That's me and my friend Tai's stuff on the day we moved into our first apartment in Madison, Wisconsin. I'd graduated high school a semester early because I couldn't wait to get out of my hometown, Oak Park, Illinois, where my second novel, BALLADS OF SUBURBIA is set. I was dealing with a lot of the same things as my main character, Kara. As soon as I'd moved there in 3rd grade, I'd felt bullied and like I didn't fit in. By high school I was struggling with depression and self-injury, I had a lot of friends with drug problems, and especially after going through an abusive relationship, was afraid I might end up going down a really dark path if I didn't find some place to start fresh.
So Tai and I lived in a tiny one bedroom apartment with my cat, Sid. We worked crappy jobs, me at a grocery store and her at a gas station, but we spent the rest of the time listening to music, cooking delicious vegan food, writing (that is my old typewriter in the closet of the top picture, I couldn't even afford a computer at the time), making zines and collages, swinging and feeding the ducks at the little lakefront park a block from our house, and exploring the surrounding small towns late at night (which inspired the setting of the fictional town of Carlisle, Wisconsin in my first novel, I WANNA BE YOUR JOEY RAMONE). It was the perfect first taste of freedom and exactly what I needed to get past all the trauma and drama from childhood and high school.
In September of 2000, when I was 21 years old, this was my new beginning:
Fiction Writing Department at Columbia College Chicago-- the place that probably had the biggest impact on my entire life.
After spending a little over half a year in Madison, I went to go to school in Ohio for a year for something other than writing even though I'd wanted to publish books since the age of 5. The attempt to go against my dream went sour and I decided to drop out, move back to Madison, and just get a crappy job and "be a writer". (There was also a boy involved in this decision-making.) Unfortunately my idea of being a writer involved a lot of drinking and drugs ala Hunter S. Thompson and William Burroughs, which was not very productive for me. My life started to spiral out of control, but I caught myself and decided to go back to school for what I really loved--fiction writing--even if it meant returning to the suburbs to live with my mom.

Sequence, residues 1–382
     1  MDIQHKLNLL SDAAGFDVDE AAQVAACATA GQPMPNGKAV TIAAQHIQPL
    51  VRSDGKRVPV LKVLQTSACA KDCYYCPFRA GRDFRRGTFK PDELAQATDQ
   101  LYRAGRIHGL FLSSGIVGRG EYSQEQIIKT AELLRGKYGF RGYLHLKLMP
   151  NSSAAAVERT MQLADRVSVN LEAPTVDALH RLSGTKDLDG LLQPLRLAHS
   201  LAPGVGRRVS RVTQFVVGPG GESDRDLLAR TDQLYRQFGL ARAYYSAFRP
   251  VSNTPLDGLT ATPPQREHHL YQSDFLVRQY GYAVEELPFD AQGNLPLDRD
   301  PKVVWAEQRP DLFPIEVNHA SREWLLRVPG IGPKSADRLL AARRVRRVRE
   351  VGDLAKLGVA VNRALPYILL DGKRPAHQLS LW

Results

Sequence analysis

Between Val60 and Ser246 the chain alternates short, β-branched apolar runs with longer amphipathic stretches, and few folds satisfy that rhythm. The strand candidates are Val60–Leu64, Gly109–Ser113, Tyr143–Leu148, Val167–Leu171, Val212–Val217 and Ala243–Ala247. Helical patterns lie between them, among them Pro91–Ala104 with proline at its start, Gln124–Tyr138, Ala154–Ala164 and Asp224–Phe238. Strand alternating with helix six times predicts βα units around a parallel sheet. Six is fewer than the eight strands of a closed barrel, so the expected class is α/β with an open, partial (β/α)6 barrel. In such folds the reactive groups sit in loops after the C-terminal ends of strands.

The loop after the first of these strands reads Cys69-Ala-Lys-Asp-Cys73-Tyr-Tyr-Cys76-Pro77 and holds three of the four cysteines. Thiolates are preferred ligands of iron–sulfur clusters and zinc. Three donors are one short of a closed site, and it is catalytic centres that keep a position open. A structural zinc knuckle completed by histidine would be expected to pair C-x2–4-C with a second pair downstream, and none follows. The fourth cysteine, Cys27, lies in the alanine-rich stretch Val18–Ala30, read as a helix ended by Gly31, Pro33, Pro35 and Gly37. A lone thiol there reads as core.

Columbia was the most creative and productive environment I'd ever been in, which is why I say to aspiring teen writers, if you want to go to college for writing, do it! You can still get "real jobs" with a writing degree and it's an incredible opportunity to spend four--or if you get your Master's like me, six years doing what you love. I wrote IWBYJR, started BALLADS and met my first agent while I was at Columbia. I also had another new beginning, buying my first house in 2004, when I was 24.
There have been some other new beginnings since then--selling my first book, getting married, writing the beginnings to three other books, two of which are being shopped and the other which I am hoping to finish in the next month or so before my next fresh start/new beginning...
In July of 2013, right before I turn 34 years old, my husband and I are moving here:
I fell in love with Seattle when I first visited in 2004 with a group of friends/fellow Nirvana fans. We were there to honor Kurt Cobain ten years after he died and I was really just expecting it to be a trip where I got to be a music geek and hang out with my friends. However, just riding the bus from the airport to our hostel, I was overwhelmed by the beauty of the Pacific Northwest and as soon as I started walking around the city, I had a feeling I've never had before, never in the Chicago area, and not even to such a degree in Madison--my heart was home.
For the past nine years I've taken annual trips to Seattle, using it as a place to recharge. Now, after struggling with the state of my writing career for four years, I've decided to make the place that has always felt like home into my ultimate fresh start. It's terrifying in some ways because like when I went to Madison, I just have some savings, no job lined up. However, this time around I'm a proper grown-up and this is going to be a much bigger and more expensive move (I have wayyyyyyy more stuff than in those pictures shown above). It's a risk I have to take, though. When I chose to live my dream by going to school for writing, it paid off and now I have to hope this dream will do the same. Maybe it will help change the luck I've had with publishing lately or maybe because I'll be searching for a full-time job (hopefully in teaching or writing), it will change my priorities a bit and my focus will be more on the essays I write for magazines like Rookie (which comprise most of the links in this blog post). We will see, but I'm excited and so ready for this adventure/fresh-start/new beginning.
Now I just have to work on some endings, like finishing the book I'm working on, and more unpleasantly, packing.
What big leaps have you taken or are you thinking about taking to give yourself a new beginning or fresh start?